Phyllis Tuckwell Hospice share learning from their work to develop a pathway for Clinical Nurse Specialists.

This page takes around 5 minutes to read.

Project and outcomes


Project overview

A Clinical Nurse Specialist (CNS) oversees patient care, making sure each individual gets the holistic support they need. As patient numbers increase and patients present with more complex symptoms, CNSs have a vital role in delivering palliative and end of life care and improving quality.

To tackle local and national staffing shortages, Phyllis Tuckwell Hospice took a ‘grow your own’ approach to developing CNSs.


The hospice has developed a ‘CNS in training’ role, which allows registered nurses to progress into a CNS role. This takes 18-24 months and culminates in a substantive CNS post. So far, four CNSs have moved through the programme, with two more in ‘CNS in training’ roles.

The training includes:

  • a working document that sets out the required competencies
  • a learning agreement and bespoke training
  • supervised practice and a dedicated practice supervisor
  • a well-defined caseload of patients to manage, with support from a CNS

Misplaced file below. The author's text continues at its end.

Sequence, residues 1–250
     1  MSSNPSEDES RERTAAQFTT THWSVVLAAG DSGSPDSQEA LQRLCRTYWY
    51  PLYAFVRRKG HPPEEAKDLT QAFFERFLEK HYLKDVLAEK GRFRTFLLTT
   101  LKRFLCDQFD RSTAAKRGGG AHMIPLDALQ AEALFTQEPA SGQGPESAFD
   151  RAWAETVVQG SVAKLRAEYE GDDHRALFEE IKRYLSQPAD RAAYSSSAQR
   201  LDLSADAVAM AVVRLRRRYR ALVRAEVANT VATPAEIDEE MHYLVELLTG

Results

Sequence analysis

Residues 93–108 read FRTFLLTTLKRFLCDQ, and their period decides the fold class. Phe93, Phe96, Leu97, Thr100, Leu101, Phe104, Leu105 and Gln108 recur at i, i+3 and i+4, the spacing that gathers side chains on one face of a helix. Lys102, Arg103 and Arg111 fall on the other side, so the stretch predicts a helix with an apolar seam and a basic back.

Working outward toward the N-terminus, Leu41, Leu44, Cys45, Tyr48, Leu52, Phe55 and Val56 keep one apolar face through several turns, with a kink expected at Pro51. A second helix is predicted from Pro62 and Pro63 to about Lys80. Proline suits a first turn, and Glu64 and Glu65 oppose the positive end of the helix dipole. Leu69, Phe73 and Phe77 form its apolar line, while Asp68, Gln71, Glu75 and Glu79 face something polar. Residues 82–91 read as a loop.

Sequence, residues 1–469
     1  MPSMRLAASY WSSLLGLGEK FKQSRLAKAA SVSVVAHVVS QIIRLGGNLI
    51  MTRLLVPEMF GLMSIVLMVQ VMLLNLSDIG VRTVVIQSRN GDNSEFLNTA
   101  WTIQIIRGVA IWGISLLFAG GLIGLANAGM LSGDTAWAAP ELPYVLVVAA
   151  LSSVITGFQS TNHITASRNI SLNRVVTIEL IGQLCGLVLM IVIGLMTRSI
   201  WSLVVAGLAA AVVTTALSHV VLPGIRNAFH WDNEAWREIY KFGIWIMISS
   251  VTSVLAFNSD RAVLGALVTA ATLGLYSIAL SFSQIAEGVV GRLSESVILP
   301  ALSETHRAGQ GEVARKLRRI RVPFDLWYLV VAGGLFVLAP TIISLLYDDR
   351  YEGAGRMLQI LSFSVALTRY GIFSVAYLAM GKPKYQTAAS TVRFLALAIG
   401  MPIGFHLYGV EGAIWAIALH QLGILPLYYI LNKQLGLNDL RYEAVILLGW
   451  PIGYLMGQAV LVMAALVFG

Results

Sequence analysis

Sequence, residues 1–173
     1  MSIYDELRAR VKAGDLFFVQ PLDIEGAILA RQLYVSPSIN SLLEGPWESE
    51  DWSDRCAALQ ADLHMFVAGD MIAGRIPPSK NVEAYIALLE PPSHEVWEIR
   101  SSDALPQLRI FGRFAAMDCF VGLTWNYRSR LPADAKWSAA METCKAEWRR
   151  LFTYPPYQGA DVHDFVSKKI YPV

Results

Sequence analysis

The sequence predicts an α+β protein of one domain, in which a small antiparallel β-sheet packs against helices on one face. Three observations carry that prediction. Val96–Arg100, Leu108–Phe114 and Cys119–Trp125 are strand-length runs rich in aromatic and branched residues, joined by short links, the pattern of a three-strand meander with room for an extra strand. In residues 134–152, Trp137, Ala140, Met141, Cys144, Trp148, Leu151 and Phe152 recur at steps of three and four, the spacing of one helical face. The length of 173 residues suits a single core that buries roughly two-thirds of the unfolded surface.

• working alongside the Advice and Referral team
  • opportunities for reflective practice
  • development of specialist palliative care experience.

Trainee CNSs are also encouraged to undertake the appropriate Level 7 training modules.

The ‘CNS in training’ role has improved staff recruitment and retention. Developmental posts are enticing for applicants who want to improve their skills and career prospects. Existing staff feel more valued because they know the hospice is investing in their progression.

The developmental posts are also appealing to nurses who have a wealth of experience, but have not previously worked in a specialist palliative care setting.

Facilitators, challenges and advice


Key facilitators

The new role has been helpful for overall recruitment. If somebody applies for a ‘CNS in training’ role, but they are not successful, there is a possibility that they could be put forward for another role in the hospice.  


It takes time, effort and planning to support someone through a ‘CNS in training’ role, particularly from existing CNSs. This can be difficult for an already stretched team. However the long-term benefits outweigh the challenges.

Tips and advice


You need to make sure you can offer a substantive CNS post at the end of the training programme. Make sure this is included in your budget.

Is your hospice an attractive place to work? Think about what flexibility you can offer within the role, what the pay and conditions will be, and what support you can offer people.